Sunday, August 31, 2014

Ego Is A Two Way Street

Last week I ranted on in a post about how a lot of indie writers may be getting too big of a head about the rapid rise of their market.  I pointed out the pitfalls and tried to warn people that the traditional publisher and large book store still rule the roost with the majority of the reading public, most of whom are unaware that there is even a battle underway.

That said, this works in both directions.  Roughly a generation ago, big chain stores like Barnes & Nobel and Books-A-Million came in and completely changed the market for books.  They had cheap prices and a large enough stock that the average reader could find whatever they desired.  This WalMart approach to book selling devastated the mom-and-pop bookstore that had been on top for most of the previous 50 years.  Borders joined them, and a new era was upon us.

However, a funny thing happened on the way to this glorious new world order - the chains got overconfident, even cocky.  Having crushed their competitors, they were now unwilling to adapt when Amazon came on the scene.  Why would they?  After all, people still liked to look at books before buying them, and you couldn't hold a computer screen.  They tied themselves to traditional publishing and snubbed their noses at everyone else...because they could.

Then things started to change.  Sales began to drop, even during peak times.  Revenue was no longer guaranteed, even though books were still being written.  There was this new ebook thing, but they were just an extension of books, so obviously everyone would follow their habits to the bookstore.  And since traditional publishing and large chains were inexorably intertwined, there was nothing to worry about, right?

The indie scene changed that.  Rather than embrace the change and recognize they were in the business of selling stories, not selling just what some people said were stories, the big chains let the market pass them by.  The funny thing is that they continue to snub them and make placement ridiculously difficult.  Some standards are good, or else big chains would be overwhelmed.  However, unless you're either a traditional author whose publishing house is in their good-boy list, or you've sold enough that you are unable to be ignored(by like, say, making the NYT Bestseller List), the larger chains won't even acknowledge you exist.  This is a mistake of catastrophic proportions.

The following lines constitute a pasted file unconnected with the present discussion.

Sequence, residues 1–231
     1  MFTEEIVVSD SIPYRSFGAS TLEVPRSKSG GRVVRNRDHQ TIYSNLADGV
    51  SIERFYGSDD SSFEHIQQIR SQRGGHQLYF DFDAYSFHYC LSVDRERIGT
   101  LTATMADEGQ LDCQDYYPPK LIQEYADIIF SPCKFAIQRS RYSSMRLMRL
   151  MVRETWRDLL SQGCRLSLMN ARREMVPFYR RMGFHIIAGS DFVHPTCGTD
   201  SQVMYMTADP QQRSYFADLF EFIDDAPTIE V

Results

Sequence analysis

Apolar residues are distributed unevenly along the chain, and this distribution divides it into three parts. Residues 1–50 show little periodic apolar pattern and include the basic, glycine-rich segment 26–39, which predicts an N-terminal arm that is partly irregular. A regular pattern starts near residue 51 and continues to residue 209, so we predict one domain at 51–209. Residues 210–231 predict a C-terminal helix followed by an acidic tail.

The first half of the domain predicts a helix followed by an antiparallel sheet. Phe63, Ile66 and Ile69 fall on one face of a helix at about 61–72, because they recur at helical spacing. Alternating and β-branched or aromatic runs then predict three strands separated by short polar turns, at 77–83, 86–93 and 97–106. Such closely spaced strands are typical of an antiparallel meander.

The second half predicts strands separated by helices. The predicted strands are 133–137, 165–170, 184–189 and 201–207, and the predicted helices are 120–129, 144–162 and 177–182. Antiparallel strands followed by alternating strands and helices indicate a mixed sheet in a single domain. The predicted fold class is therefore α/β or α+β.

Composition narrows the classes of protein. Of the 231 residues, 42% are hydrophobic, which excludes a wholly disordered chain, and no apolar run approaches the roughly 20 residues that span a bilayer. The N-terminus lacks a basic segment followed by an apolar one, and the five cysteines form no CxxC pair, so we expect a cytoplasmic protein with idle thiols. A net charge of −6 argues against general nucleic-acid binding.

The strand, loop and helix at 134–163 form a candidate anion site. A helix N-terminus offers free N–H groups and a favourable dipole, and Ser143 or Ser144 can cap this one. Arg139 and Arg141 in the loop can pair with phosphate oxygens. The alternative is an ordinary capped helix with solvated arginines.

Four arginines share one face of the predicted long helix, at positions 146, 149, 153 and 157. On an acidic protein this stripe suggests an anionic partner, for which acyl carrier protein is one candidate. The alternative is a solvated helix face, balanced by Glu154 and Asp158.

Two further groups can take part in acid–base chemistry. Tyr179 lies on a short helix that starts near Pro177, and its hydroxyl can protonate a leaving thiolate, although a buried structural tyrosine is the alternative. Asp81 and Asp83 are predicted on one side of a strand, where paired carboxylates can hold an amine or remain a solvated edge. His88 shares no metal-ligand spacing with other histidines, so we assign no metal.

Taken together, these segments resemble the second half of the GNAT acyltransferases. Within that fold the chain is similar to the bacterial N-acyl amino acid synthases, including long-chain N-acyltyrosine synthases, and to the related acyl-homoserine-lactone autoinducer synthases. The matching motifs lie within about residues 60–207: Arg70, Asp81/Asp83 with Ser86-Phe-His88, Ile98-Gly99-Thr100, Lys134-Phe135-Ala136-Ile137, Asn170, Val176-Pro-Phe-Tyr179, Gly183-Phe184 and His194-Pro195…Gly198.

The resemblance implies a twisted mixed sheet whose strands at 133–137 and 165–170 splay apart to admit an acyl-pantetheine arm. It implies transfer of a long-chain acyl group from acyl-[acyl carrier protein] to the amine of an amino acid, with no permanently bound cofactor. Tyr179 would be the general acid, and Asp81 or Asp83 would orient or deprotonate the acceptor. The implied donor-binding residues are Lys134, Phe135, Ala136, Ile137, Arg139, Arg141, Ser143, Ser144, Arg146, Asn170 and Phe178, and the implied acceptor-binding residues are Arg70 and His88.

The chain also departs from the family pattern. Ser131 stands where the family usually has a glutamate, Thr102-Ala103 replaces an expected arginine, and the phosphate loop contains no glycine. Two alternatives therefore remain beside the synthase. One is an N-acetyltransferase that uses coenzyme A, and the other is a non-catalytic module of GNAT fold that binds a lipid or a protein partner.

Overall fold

The traditional market is hurting as more writers are opting for indie.  This has created a self-licking ice cream cone whereby the chains think they have to charge more for a dwindling supply, making even more likely for writers to leave and customers to go elsewhere.  In the face of this, larger chains continue to refuse to change.  Like the horse and buggy industry of the 1890s, they've been the only game in town for so long that they forgot that it's not horses and buggies people want, but rather a mode of transportation.  Similarly, it's not the hardcover that readers want, but the story.

Unless they change, I think these larger chains will be gone by 2030.  While they're disappearing, they'll stubbornly insist it's the economy or that the public has eschewed books in these dark times or some other piddling excuse that lets them ignore reality.  All the while they'll look down their noses at the indie scene and just know that such a route is for losers.

I mean, why not?  It worked so well for the recording industry.


  1. I love the reference to the music industry :) The difference between the transition of the book industry and the music industry, is that music was a semi-seamless transition to the weightless avenue of music (we all caught on pretty quick that it's easier to enjoy a few songs when you don't have to switch out a CD for every ONE you want to listen to). But what will make the traditional and indie books different - and what will take out the middle man of corporate bookstores - is that there will be diehards who love the printed, hardcover or paperback book. I'm hoping the indie bookstore becomes very smart and learns along the way how to support both indie writers and traditionally published ones!

    1. I would like that as well. There seems to be a stubbornness to adapt. Hopefully there'll be a breakthrough.